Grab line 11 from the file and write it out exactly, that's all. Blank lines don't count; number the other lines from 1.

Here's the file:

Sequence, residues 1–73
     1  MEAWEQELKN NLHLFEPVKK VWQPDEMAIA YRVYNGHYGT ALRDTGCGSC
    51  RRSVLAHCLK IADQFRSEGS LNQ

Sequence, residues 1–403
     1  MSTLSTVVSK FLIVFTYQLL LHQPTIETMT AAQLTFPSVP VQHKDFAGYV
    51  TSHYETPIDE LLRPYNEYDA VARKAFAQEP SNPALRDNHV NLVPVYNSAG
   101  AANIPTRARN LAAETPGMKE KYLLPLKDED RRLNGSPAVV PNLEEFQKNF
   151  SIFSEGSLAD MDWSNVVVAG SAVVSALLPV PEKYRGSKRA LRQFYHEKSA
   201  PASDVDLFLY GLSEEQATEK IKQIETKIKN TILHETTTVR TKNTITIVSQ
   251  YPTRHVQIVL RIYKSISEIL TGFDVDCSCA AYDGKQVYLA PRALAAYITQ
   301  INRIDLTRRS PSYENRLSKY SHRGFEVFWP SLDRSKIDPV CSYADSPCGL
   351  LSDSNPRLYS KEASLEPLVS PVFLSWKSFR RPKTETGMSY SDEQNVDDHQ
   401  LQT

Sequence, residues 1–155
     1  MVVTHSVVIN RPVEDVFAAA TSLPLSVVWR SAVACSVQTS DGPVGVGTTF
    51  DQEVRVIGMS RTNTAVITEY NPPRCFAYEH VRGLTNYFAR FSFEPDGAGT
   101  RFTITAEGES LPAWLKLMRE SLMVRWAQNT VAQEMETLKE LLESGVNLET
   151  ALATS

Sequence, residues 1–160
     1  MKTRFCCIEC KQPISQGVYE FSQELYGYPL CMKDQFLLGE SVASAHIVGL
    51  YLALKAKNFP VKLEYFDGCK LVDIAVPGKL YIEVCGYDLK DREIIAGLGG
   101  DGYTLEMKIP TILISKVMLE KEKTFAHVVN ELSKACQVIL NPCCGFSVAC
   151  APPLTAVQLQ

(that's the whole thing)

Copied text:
   301  INRIDLTRRS PSYENRLSKY SHRGFEVFWP SLDRSKIDPV CSYADSPCGL